Trump, the 25th Amendment and The Demise of “The Goldwater Rule”

Barry_Goldwater_photo1962donald_trump_president-elect_portrait_croppedBelow is my column in the Hill Newspaper on the effort to remove President Donald Trump through Section 4 of the 25th Amendment.  I ran a column a couple days ago in the Washington on the constitutional and procedural issues of a 25th Amendment attempt.  This column looks at the medical and historical aspects of the controversy.  The effort appears to have picked up steam this week with reports of Democrats reaching out to psychologists — just as they did against Barry Goldwater.  The demise of the “Goldwater Rule” is a dangerous development.  I have no more idea of Trump’s mental state than I do other leaders.  What I do know is that claims of narcissism or other conditions are unfounded absent an evaluation and far more serious evidence of mental illness to justify a 25th Amendment effort.

Here is the column:

After years of quiet existence, the 25th Amendment is suddenly all the rage. In many ways, it is not surprising. The 25th Amendment would seem like an ideal fit in our age of rage. Rather than find the still elusive “high crimes and misdemeanors” against President Trump for impeachment, many demand that he simply be declared as mentally ill and thus unfit to hold office. This growing “25 and over” club has rallied around the amendment as a way to prematurely bring an end to the Trump administration. However, this argument ignores not simply the language but the implications of such a removal. A declaration of Trump as unfit on these facts would set a dangerous precedent, not just in constitutional law, but areas like health care. Indeed, the failure of politicians and advocates to even acknowledge such implications of their 25th amendment campaign can only be described as mania itself.

160px-Mike_PenceAt the outset, it is important to note that the removal of Trump under Section 4 of the 25th Amendment is just about as likely as his election to the College of Cardinals. Such action would require the support of Vice President Mike Pence. Even if he were inclined to Trump’s “et tu Pencus” moment, Pence would have to be joined by a majority of the cabinet to just get the matter before Congress. If Trump objected, which would seem likely, Pence would have to secure a second declaration with the cabinet and then secure a two-thirds vote from not one but both houses. An alternative course using a congressional commission requires the same vote and the cooperation of Pence.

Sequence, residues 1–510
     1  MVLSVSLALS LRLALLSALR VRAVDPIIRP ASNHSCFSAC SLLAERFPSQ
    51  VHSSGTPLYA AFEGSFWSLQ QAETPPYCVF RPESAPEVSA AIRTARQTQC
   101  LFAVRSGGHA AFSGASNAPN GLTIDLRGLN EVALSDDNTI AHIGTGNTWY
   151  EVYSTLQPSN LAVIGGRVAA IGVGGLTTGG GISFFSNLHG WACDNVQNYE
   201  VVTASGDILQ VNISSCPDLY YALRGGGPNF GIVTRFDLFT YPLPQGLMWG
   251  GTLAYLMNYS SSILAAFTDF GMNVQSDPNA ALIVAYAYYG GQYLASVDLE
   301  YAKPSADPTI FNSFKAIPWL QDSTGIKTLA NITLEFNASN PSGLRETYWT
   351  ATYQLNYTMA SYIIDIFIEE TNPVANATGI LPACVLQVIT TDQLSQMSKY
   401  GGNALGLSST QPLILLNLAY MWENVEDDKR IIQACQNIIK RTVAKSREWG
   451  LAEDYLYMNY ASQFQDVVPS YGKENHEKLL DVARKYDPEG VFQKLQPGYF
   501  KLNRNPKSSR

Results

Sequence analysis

The concern is not that such an effort would succeed but that so many are willing to discard any ethical or constitutional concerns in pursuing a 25th Amendment removal. The use of alleged mental unfitness is a common avenue for attacking one’s opponents in authoritarian countries like Iran, Russia and China. It is also nothing new in the area of presidential politics. The most serious such abuse occurred in 1964 when Republican Senator Barry Goldwater of Arizona ran against Lyndon Johnson.With the help of the media, Goldwater was portrayed as a war monger hell bent on nuclear war, a claim powerfully depicted in the “daisy countdown” commercial showing a child counting down to an atomic explosion with flower petals. Such commercials, however, were not enough for Fact Magazine, which decided to issue a special hit job on Goldwater. The magazine sent out 12,356 letters to psychiatrists asking if they thought Goldwater was mentally ill. Only 2,417 responded, but a majority of those responding stated categorically that Goldwater was unfit due to mental illness, a manifestly unethical conclusion reached without evaluating Goldwater personally.


Goldwater was diagnosed as a “megalomaniac,” paranoid,” “grossly psychotic,” and, in what is now being raised against Trump, someone suffering from “narcissistic personality disorder.” Some doctors reached incredible insights into a man who they never spoke to, including one who said that “inwardly a frightened person who sees himself as weak and threatened by strong virile power around him.” That is all the magazine needed to proclaim across the front page, “Fact: 1,189 psychiatrists say Goldwater is psychologically unfit to be president!” Goldwater lost by a landslide, despite the fact that there is no evidence that he actually suffered from such mental illness. In response, the American Psychiatric Association adopted the “Goldwater Rule” to bar doctors from making such unethical diagnoses of individuals without evaluating them. It appears that ethics, like constitutional principles, are more often honored in the breach in both politics and psychology.